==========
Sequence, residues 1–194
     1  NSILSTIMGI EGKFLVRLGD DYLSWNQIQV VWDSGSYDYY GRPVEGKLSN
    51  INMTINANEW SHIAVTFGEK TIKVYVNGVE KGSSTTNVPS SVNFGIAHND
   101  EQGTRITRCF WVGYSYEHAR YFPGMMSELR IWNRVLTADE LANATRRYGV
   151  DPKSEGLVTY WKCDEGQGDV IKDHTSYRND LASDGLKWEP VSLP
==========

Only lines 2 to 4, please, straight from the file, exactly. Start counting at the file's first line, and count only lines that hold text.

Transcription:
     1  NSILSTIMGI EGKFLVRLGD DYLSWNQIQV VWDSGSYDYY GRPVEGKLSN
    51  INMTINANEW SHIAVTFGEK TIKVYVNGVE KGSSTTNVPS SVNFGIAHND
   101  EQGTRITRCF WVGYSYEHAR YFPGMMSELR IWNRVLTADE LANATRRYGV